Chiropractic is the fastest-growing and second-largest primary health care profession.
There are approximately 60,000 doctors of chiropractic (DCs) in active practice in the United States spread from rural areas to inner cities. More than 10,000 students are currently enrolled in chiropractic educational programs accredited by a federally-recognized body (CCE).
Chiropractic services are in high demand.
Tens of millions of Americans routinely opt for chiropractic services and this number is rapidly growing. In 1993, more than 30 million consumers made chiropractic a regular part of their health care program.
Doctors of Chiropractic receive extensive, demanding professional education on par with medical doctors (MDs) and osteopaths (DOs).
To receive the doctor of chiropractic degree, candidates must complete extensive undergraduate prerequisites and four years of graduate-level instruction and internship at an accredited chiropractic institution.
Comprehensive knowledge of all systems of the body and diagnostic procedures enable the DC to thoroughly evaluate a patient, address disorders relating to the spine and determine the need for referral to another health care provider.
Doctors of Chiropractic are primary health care providers.
According to the Center for Studies in Health Policy, "The DC can provide all three levels of primary care interventions and therefore is a primary care provider, as are MDs and DOs. The doctor of chiropractic is a gatekeeper to the health care system and an independent practitioner who provides primary care services. The DC's office is a direct access portal of entry to the full scope of service."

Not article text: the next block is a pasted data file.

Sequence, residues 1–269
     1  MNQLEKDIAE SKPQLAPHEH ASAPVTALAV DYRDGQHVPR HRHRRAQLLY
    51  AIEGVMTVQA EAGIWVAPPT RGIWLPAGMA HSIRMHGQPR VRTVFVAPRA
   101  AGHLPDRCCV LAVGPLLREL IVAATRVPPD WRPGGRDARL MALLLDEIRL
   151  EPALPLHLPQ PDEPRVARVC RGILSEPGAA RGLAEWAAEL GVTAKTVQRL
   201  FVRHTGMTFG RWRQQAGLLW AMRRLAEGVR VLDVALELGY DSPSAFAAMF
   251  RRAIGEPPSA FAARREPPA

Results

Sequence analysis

Chiropractic is recognized by governmental health care programs.
Chiropractic is included in Medicare, Medicaid, Federal Employees Health Care Benefits Programs, Federal Workers' Compensation and all state workers' compensation programs. Chiropractic students are qualified to receive federal student loan assistance and DCs are authorized to be commissioned as health care officers in the U.S. Armed Forces.
The practice of chiropractic is based on sound scientific principles.
The existence of the nervous system as the primary control mechanism of the body is an undisputed scientific fact. Its relationship with the spine is the focus of the practice of chiropractic. The spine develops in utero to provide two primary functions: (1) allow for freedom of movement and (2) house and protect the spinal cord. When the vertebrae of the spine become misaligned through trauma or repetitive injury, two major consequences will result: (1) the range of motion becomes limited and (2) spinal nerves emerging from the spinal cord are compromised. DCs use the term "subluxation" to describe such disruptions. Interruption of nerve flow can eventually lead to pain, disability, and an overall decrease in the quality of life. Conversely, the removal of that interference has been shown to have significant, lasting health benefits. Through the adjustment of the subluxation, the doctor of chiropractic endeavors to restore normal nerve expression. The body is then able to respond appropriately to any imbalance in the system, thus relieving symptoms and restoring health.
The doctor of chiropractic is an effective source of preventative and wellness care.
The anatomical focus of the DC on the human spine has created the perception of the DC as just a "back doctor." Although this perception is not entirely incorrect, it is very much incomplete. Doctors of chiropractic are a highly appropriate resource in matters of work-place safety, stress management, injury prevention, postural correction and nutritional counseling."